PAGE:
Drinking From a Fire Hose

By Deane Barker on November 21, 2006

Are there RSS feeds you can’t keep up with? I have a few that I just can’t stay on top of due to posting volume. A friend of mine called it “drinking from a fire hose.” They are:

I find with these that whenever I open Bloglines, there are a couple dozen posts. I don’t have the time or inclination to read them all right then, so I leave them. Then, next time, there are more. Eventually Bloglines tops out at 200 unread posts, and I click on the blog title just to get rid of the unread and start over.

It’s a little heart-breaking, because all of them have such great content. But that’s something to consider when you’re running a blog. The automatic train of thought is, “I’ll just throw everything out there and people will read what they want.” Not true — too many posts can overwhelm people, and they consequently won’t read any. The volume of your content can render the quality of your content moot.

We’ve discussed posting volume before, and we’ve struggled with it around here. How many posts is too many? How many is just right? I used to shoot for 10 a day, but it wasn’t maintainable. I think we average three or four a day now.

What blogs do you enjoy, but you either don’t subscribe too or don’t read regularly because posting volume is too high?

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Comments

  1. I have a similar issue, which results in me putting my ‘feeds’ in one of two places – if it’s a low volume, high quality feed, i’ll put it in my google reader (which I primarily read from my google home page).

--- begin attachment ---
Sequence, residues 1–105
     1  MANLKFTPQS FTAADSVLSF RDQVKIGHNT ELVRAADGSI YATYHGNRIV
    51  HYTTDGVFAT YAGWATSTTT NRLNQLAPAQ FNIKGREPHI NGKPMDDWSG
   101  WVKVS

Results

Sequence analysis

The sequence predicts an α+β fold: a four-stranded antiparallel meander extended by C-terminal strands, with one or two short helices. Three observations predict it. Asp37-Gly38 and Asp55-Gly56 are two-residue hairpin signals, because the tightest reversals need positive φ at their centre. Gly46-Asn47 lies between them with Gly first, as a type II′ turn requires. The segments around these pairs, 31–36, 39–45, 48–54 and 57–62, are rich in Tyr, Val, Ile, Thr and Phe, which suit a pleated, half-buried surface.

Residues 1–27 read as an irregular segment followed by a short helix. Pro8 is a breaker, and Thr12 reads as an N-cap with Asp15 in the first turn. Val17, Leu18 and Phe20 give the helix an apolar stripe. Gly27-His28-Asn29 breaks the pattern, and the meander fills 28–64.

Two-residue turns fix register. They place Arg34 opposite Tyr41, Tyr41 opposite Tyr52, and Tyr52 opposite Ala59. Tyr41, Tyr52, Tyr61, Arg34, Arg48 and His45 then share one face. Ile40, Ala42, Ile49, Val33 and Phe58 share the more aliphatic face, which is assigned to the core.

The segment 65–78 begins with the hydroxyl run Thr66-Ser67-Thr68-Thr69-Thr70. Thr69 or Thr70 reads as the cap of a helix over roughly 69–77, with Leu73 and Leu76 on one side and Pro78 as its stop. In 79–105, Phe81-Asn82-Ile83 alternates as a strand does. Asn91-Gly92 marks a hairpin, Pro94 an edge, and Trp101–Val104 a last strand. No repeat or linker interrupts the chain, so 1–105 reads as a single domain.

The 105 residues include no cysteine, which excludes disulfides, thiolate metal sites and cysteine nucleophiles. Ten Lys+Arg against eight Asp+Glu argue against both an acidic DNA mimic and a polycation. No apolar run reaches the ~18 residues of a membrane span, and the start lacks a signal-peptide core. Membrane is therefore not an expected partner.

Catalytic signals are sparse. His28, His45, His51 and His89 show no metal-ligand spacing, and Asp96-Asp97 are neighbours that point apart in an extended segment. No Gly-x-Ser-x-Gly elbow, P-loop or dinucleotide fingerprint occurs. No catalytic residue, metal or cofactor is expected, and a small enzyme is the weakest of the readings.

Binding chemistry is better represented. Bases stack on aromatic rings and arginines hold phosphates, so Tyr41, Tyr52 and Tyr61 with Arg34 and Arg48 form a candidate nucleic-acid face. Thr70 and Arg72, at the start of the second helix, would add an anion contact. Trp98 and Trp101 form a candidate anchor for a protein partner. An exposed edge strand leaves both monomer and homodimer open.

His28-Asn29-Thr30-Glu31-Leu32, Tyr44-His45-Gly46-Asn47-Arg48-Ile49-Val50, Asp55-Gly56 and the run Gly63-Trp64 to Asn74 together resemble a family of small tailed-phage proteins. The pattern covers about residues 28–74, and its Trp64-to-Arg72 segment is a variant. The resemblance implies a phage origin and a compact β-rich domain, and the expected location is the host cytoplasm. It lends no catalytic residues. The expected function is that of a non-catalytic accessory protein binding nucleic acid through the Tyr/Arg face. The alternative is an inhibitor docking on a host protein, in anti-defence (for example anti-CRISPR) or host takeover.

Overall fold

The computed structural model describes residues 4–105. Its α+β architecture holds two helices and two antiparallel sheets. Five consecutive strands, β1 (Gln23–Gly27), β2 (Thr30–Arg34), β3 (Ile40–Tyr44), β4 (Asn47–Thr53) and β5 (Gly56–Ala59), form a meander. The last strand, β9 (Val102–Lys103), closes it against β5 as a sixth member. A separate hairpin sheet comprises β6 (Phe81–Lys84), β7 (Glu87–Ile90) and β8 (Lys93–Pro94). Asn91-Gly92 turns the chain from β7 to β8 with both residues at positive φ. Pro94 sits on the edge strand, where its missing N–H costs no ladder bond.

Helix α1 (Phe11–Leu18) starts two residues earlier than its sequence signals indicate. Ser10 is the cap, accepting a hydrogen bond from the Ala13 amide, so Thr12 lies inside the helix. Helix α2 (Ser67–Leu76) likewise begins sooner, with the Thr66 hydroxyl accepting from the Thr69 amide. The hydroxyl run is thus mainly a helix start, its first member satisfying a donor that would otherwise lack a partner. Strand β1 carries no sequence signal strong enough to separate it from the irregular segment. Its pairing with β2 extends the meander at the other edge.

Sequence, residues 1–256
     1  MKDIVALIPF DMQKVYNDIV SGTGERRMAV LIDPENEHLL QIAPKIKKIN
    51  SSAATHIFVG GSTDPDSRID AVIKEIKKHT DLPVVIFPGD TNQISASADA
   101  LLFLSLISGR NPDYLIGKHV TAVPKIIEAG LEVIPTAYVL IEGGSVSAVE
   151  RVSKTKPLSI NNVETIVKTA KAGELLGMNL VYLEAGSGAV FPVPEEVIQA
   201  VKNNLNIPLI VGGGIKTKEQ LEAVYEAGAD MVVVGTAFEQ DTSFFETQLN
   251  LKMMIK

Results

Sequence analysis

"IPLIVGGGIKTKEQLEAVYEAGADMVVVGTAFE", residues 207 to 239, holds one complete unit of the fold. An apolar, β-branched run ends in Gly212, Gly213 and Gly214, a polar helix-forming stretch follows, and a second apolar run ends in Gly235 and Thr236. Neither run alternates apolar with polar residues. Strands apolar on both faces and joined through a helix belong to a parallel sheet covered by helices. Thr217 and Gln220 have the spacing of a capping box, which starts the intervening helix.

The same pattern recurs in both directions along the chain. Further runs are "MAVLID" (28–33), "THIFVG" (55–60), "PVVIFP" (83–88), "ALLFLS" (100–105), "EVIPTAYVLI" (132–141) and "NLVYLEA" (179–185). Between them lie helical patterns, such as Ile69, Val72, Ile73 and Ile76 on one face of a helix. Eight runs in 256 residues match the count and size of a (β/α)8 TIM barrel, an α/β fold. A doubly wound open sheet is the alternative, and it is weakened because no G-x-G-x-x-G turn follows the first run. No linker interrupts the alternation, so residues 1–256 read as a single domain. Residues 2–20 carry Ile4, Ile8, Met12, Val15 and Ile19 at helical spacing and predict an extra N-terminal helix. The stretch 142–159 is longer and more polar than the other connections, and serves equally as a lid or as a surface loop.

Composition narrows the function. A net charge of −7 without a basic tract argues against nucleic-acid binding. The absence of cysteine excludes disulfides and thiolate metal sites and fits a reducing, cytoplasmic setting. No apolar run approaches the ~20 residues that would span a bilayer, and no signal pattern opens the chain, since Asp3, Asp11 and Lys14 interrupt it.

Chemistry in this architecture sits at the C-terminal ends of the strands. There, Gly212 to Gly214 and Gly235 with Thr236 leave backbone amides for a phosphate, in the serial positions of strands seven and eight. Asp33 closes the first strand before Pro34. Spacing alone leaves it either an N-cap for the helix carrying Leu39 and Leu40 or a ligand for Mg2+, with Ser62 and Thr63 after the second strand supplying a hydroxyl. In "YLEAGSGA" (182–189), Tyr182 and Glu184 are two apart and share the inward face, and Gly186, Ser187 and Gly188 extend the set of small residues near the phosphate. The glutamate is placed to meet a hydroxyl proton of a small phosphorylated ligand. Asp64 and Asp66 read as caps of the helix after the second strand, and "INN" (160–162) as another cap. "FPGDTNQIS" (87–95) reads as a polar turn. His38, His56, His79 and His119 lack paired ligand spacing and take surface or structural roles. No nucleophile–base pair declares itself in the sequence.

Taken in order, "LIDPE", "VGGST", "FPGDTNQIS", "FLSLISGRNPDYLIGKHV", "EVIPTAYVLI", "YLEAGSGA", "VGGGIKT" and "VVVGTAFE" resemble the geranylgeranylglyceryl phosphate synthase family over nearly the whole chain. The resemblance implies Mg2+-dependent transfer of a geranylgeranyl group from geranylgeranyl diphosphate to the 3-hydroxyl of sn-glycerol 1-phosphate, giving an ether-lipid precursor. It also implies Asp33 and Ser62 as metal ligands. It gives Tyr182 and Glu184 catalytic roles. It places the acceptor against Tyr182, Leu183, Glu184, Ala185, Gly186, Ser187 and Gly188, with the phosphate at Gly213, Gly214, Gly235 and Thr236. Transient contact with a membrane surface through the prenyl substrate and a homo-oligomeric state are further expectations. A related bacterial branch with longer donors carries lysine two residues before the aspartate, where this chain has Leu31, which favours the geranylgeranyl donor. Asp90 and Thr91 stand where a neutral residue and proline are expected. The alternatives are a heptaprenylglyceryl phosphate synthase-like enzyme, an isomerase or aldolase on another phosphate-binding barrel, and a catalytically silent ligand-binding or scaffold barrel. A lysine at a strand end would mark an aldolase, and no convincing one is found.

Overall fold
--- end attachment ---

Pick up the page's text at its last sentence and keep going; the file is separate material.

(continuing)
If it’s higher volume, I add a dedicated module for it to my home page – and the module simply shows the 5 latest entries in the RSS feed.

    It just means I can keep a taste for what’s currently being pushed out by that site, and if i have time, it’s also a quick and easy link to the site to look closer.

    (Currently, I have DIGG, slashdot, gizmodo and gadgetopia as individual modules, it seems to work really well)

  2. salon and slashdot have long since dropped off my reading list because of volume, and gizmodo is right on the bitter edge.

    Category specific RSS is the way to go. If I didn’t have to see all the cell phones that I can’t buy in the US anyway,and the PS3/Wii/Zune/whatever overhyped thing everybody else is talking about as well, gizmodo would be fine.

    Your signal to noise ratio here is MUCH better.

  3. I think the length and density of the average post as well as the consistency of post volume have a huge sway over threshold. I’ll try to read anything Richard McManus writes, but the length of his articles makes it too tough to keep up with his post volume of 2-3 per day (at rwr.) TechCrunch, on the other hand, posts more like 4-6 per day but is easy to keep up with because it’s lighter reading (their posts are easy to scan.)

    I haven’t been able to keep up with several of my favorite blogs (lifehacker among them) for a while now. RSS filters have let me get a few back under control, but I’ll abstain from giving the pitch.

  4. I finally bit the bullet and unsubscribed from DZone and Slashdot today. I’m going to give Lifehacker a while yet, but the other two were just wasted on me.

  5. One way to narrow your feed intake is to only subscribe to certain sections on these sites. Even though I have some editorial privilege at DZone, I have a select set of tags I commonly read. I set up a feed for each tag and filter those through a Google Reader tag. Therefore, for my reading I get about 25% of the actual total content each day, which makes it more palatable, more like drinking through a garden hose on high.

    Stacy Doss

    stacy@dzone.com

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